Double dissociation of letter and category fluency following left frontal and temporal lobe lesions

Juliana V. Baldo, Sophie Schwartz, David P. Wilkins, Nina Dronkers

Research output: Contribution to journalArticlepeer-review

25 Scopus citations


Background: A number of studies have suggested that temporal cortex is critical for the ability to generate exemplars belonging to a particular semantic category (i.e., category fluency), while frontal cortex is critical for generating words beginning with a particular letter (i.e., letter or phonemic fluency). However, previous studies have often focused on relative, quantitative differences in performance across groups of patients and primarily in the oral domain. Aims: The current study analysed verbal fluency data from two individuals with chronic aphasia, one with a large left temporal lobe lesion and a severe Wernicke's aphasia, and a second individual with a large left frontal lobe lesion and a moderately severe non-fluent aphasia. The goal of the study was to do both qualitative and quantitative analyses of letter and category fluency performance in these two individuals across oral and written fluency domains. Methods & Procedures: Participants were administered both oral and written versions of letter fluency (FAS) and category fluency conditions (fruits, animals, and supermarket items). Participants were given 90 seconds to generate as many items as possible, and their responses were scored for both overall output, as well as qualitative structure using a clustering analysis. Outcomes & Results: The individual with an extensive temporal lobe lesion generated a large number of exemplars on the letter fluency task. Some of these items were neologisms (e.g., frest, anth, and swink), but remarkably all adhered to the phonological constraints of the task. However, this individual was very poor at generating items belonging to semantic categories. In contrast, the individual with a large frontal lesion generated many exemplars on the category fluency task but only two items on the letter fluency task. The same pattern was replicated in the written domain in both individuals, and results from the clustering analysis paralleled these quantitative findings. Conclusions: This report describes two individuals with aphasia who exhibited a double dissociation between letter and category fluency performance in both oral and written domains. The current findings provide further evidence for the notion that left frontal cortex is critical for word retrieval based on phonology, while left temporal cortex is critical for word retrieval based on semantics. The findings have implications for the types of strategies that may be most effective in individuals with lesions to these brain regions critical for word retrieval.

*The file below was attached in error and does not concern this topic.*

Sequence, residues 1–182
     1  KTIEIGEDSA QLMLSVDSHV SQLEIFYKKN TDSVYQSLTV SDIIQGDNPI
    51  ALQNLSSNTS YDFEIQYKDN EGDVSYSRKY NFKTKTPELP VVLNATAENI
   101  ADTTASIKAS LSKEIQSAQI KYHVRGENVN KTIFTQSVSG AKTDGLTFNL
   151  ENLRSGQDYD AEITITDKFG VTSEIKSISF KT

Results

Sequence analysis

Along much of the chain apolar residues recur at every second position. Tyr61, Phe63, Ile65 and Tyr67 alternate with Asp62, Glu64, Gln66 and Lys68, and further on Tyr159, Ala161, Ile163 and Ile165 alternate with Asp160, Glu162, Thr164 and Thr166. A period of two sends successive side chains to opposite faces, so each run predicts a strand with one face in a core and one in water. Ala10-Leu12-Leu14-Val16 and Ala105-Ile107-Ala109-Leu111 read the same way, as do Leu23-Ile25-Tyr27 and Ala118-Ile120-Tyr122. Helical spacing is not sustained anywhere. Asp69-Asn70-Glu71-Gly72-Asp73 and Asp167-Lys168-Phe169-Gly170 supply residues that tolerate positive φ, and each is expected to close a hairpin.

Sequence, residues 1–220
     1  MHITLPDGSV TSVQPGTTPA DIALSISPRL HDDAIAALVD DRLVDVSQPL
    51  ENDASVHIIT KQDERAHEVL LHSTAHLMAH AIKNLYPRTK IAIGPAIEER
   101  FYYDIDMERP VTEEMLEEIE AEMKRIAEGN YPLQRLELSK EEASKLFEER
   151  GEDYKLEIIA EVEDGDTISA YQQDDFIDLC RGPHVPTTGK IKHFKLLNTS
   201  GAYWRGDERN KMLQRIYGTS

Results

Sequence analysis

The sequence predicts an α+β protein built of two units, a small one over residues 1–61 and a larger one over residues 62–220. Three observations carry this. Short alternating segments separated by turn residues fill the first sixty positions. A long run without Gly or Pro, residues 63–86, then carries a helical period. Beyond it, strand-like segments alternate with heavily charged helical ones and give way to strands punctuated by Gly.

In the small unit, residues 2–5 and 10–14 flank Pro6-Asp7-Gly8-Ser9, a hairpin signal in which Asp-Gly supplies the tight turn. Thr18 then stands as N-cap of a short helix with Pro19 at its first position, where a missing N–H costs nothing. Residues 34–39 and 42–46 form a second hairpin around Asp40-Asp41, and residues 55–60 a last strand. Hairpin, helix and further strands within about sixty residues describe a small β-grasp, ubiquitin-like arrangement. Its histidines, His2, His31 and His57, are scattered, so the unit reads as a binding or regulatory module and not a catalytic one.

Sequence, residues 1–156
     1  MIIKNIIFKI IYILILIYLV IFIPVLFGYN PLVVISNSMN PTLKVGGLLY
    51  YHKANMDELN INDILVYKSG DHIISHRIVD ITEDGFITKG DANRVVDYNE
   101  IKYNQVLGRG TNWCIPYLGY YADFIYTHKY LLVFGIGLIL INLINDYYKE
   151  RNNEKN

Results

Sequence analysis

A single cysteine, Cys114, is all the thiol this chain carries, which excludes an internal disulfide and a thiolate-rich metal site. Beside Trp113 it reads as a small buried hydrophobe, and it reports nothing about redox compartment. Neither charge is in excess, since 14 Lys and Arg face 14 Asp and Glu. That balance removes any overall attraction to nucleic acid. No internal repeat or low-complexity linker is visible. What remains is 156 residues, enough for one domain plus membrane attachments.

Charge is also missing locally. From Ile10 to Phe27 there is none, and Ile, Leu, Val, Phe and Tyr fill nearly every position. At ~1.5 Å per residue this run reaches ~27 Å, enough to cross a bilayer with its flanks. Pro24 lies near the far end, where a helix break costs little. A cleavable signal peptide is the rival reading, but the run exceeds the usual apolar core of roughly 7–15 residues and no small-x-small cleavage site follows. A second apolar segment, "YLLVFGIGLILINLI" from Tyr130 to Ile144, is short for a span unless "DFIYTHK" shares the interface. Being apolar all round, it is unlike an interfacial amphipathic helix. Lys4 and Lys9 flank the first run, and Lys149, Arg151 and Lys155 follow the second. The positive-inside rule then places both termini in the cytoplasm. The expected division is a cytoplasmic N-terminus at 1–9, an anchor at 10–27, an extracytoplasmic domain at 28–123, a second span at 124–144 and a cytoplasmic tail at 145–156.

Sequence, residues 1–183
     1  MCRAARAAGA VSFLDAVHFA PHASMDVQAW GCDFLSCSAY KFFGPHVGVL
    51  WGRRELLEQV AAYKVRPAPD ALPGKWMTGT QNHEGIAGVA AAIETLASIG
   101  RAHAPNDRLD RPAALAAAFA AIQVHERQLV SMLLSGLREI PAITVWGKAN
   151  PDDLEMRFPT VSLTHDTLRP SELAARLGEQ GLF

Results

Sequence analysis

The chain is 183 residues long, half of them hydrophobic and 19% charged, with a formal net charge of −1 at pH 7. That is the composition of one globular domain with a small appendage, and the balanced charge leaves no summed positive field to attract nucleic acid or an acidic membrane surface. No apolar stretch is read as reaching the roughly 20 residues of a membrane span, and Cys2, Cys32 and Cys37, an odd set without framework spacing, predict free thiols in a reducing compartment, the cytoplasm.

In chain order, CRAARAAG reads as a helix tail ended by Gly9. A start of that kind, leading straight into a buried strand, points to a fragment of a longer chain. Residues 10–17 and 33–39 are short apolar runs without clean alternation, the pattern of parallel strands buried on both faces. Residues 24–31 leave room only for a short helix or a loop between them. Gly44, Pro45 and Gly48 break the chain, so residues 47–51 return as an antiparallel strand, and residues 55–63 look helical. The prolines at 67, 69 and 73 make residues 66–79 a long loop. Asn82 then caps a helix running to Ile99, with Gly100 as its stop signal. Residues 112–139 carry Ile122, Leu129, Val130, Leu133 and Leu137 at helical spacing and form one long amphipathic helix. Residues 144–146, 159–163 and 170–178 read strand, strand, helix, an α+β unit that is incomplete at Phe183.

Original languageEnglish (US)
Pages (from-to)1593-1604
Number of pages12
Issue number12
StatePublished - Dec 2010


  • Frontal cortex
  • Jargon aphasia
  • Lexical retrieval
  • Neologism
  • Temporal cortex
  • Verbal fluency
  • Wernicke's aphasia

ASJC Scopus subject areas

  • Clinical Neurology
  • Neurology
  • LPN and LVN
  • Otorhinolaryngology


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